Boston’s Freedom Trail is a 2.5 mile pathway that links together a unique collection of museums, churches, parks, cemeteries, landmarks, and historic sites that tell the story of the revolution that gave birth to America. It’s also full of hidden gems that make Boston such a unique place to visit. Starting in the shadow of Boston Common (America’s oldest park) and ending at the Bunker Hill Monument, the Freedom Trail is one of the most popular tourist destinations in New England – 4 million folks take this stroll each year. Walking the trail is free, pet-friendly, and worth every second.
Whether you are new to the Trail or a seasoned veteran – here are the best kept secrets spots along the trail (and some not so secret) that you shouldn’t miss on your journey through American history!
The Great Elm
First, you have to start exploring at the Boston Common. Dating back to 1634, the Common is America’s oldest park and was originally used as a common space to graze your cattle, this area also has a more sinister past. In the center of the park, you will find a plaque on the ground marking the former spot of the Great Elm until it fell in a storm in 1876 as the estimated age of 250+ years old. It stood 65 feet tall and was once considered Boston’s “oldest inhabitant”. In the mid-1600’s the Common was also the site of public executions – all done by hanging; many on the Great Elm.
State Street Hopscotch
As you follow the trail down State Street, keep your eyes on the sidewalk to find this ornate hopscotch court that marks the site of the first public school in the English-speaking Americas – Boston Latin. Established in 1635, Boston Latin is still in operation today at its new, more modern location. Famous graduates of the original include Sam Adams, John Hancock, Ralph Waldo Emerson, and Cotton Mather.
Continue past the statue of Benjamin Franklin and the former site of Boston Latin, you will find one of the best hidden gems and unique statues on the Freedom trail – a donkey. Many think this statue is a political statement paying homage to Boston’s liberal history and famous Democratic leaders. Nope? This donkey belongs to Roger Webb, the developer who saved this historic area from demolition. he bought the now-famous Boston Burro during a trip to Italy and wanted to find a place to put it. He decided to stick the donkey in his courtyard just off the Freedom Trail. It is now one of the most photographed spots on the entire Trail. Say cheese!
Sam Adam’s Tap House
Do you have a cousin from Boston? If so, you have probably sampled some Sam Adams – the official beer of the Red Sox and Boston! As you approach historic Faneuil Hall, you will see the towering statue of Mr. Adams – a Founding Father and Boston legend. Take a break from your tour and grab a beer at the new Sam Adam’s Boston Taproom. It doesn’t hurt to drink in a little history! Interested in learning more about Boston AND visiting a few more famous bars and pubs along the way? Check out Brews & Clues’ Freedom Trail pub crawl / scavenger hunt – a self-guided walking/drinking through downtown Boston’s best spots.
Eat Your Way Through Quincy Market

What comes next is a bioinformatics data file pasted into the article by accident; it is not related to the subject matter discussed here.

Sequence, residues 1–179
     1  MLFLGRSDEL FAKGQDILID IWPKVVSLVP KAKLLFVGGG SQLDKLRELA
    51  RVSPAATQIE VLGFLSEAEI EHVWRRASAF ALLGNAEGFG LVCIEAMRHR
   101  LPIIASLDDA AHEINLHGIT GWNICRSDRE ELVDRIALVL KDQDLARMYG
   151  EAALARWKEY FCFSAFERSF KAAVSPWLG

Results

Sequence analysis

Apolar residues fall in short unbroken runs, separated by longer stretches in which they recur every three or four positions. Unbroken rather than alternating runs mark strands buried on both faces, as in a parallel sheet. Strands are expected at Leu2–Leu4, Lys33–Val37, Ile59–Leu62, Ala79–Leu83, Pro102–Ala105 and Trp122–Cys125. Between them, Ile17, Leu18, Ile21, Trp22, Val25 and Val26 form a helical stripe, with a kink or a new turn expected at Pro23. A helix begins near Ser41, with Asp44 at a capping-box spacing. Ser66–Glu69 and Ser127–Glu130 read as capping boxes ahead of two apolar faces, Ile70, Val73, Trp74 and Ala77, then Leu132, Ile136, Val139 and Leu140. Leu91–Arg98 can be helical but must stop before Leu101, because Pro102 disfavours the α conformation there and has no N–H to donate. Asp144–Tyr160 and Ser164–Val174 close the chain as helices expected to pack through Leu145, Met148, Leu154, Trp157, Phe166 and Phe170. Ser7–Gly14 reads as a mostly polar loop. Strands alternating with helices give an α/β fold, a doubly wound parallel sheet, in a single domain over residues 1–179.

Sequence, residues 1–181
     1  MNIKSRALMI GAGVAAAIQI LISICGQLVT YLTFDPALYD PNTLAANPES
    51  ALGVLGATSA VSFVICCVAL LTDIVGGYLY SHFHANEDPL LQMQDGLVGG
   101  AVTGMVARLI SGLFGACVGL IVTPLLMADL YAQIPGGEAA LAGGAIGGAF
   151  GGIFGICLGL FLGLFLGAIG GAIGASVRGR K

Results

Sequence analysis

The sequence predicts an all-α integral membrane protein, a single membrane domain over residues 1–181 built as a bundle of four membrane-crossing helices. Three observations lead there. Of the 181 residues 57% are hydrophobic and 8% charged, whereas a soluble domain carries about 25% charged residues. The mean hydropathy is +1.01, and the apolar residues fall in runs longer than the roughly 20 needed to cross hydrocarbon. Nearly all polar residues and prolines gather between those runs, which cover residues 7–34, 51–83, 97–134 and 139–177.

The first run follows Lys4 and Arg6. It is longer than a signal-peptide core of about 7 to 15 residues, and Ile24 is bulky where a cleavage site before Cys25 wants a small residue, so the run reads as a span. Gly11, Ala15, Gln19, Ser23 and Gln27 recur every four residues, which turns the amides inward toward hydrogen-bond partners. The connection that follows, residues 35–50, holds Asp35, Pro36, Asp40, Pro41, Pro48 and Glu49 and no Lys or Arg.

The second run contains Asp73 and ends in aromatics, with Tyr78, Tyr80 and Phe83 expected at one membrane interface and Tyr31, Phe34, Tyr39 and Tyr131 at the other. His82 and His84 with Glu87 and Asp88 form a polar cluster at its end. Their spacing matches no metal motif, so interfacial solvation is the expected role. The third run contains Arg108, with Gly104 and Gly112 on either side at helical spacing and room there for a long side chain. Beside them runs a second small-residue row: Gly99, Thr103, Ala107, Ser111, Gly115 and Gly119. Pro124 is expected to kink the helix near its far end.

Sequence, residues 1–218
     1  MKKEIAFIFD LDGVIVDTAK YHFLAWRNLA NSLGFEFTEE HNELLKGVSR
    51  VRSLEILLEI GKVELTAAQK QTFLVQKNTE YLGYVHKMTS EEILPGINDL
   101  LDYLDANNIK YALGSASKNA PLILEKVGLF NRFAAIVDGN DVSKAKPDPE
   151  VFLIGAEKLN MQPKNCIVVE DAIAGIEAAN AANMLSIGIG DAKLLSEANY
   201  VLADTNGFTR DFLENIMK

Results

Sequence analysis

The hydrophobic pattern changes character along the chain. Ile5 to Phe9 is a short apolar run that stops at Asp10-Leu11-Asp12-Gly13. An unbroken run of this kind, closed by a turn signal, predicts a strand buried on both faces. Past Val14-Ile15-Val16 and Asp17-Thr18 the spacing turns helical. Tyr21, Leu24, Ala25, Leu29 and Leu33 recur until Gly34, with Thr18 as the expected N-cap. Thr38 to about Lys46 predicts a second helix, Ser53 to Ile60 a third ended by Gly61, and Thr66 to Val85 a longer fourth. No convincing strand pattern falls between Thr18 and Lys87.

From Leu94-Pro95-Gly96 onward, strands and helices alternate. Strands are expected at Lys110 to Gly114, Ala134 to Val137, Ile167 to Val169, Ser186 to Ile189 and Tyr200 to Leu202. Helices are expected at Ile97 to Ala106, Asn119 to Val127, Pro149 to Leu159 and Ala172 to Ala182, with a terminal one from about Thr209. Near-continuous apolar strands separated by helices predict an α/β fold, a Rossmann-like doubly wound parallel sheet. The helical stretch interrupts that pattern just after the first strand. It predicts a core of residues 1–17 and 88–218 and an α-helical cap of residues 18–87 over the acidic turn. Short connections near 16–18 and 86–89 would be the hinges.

The Freedom Trail will guide you just past Quincy Market – an indoor/outdoor food bonanza. Step off the trail and walk down the main concourse and take in all the local smells, tastes, and sounds. Grab a cup of New England Clam Chowda! Have a slice of pizza at Regina’s! And, what’s a trip to Boston without some baked beans and brown bread. There’s literally something for everyone in Quincy Market.
Rose Kennedy Greenway
As the Freedom Trail crosses over the John Fitzgerald Expressway towards the North End, you will pass through a dynamic and beautiful new green space nestled between the busy highway. The Rose Kennedy Greenway is a linear park named after the matriarch of the Kennedy family (Rose is JFK’s and Ted Kennedy’s mother). These 17-acres were converted into an urban oasis as part of Boston’s controversial “Big Dig” construction project in the early 2000’s. The Greenway stretches over 1 mile from the North End through the Waterfront and ending in Chinatown. The park is full of sculptures, pop-up vendors, gardens, seating areas, and places to lounge in the grass and take in some rays.
Mike’s and Modern
Which is better – Mike’s or Modern? As you follow the Freedom Trail through the North End – Boston’s Italian Neighborhood – you need to make a decision? Will you grab a cannoli from Mike’s or Modern? We say – try both! The North End’s “cannoli wars” have raged for 50+ years, and – honesty – you can’t wrong at either place. If you like variety, go to Mike’s – they have over 18 flavors of cannoli to choose from. If you are looking for authenticity – the OG cannoli – head to Modern. Just like to eat? Grab a box from both – you won’t regret it. And, you’ve been walking all day. You can afford the calories!
Bunker Hill Monument
Most people don’t make it all the way to the “Terminus of the Trail”, but we think it’s a walk worth taking. The monument marks the location of the Battle of Bunker Hill – the first of many battles between the Patriots and the British that sparked the American Revolution. The obelisk is actually one of the first ever monuments in the US. An interesting piece of Boston trivia – the Bunker Hill Monument is actually not on Bunker Hill. It sits atop Breed’s Hill. Want some more trivia? Just in front of the monument is a statue of Col. William Prescott who is believed to have coined the famous phrase, “Don’t fire until you see the whites of their eyes”.
Like trivia? You can walk the Freedom Trail using Go Trivia as your guide. You’ll explore all these spots while answering some trivia questions and learning a little about Boston – then and now!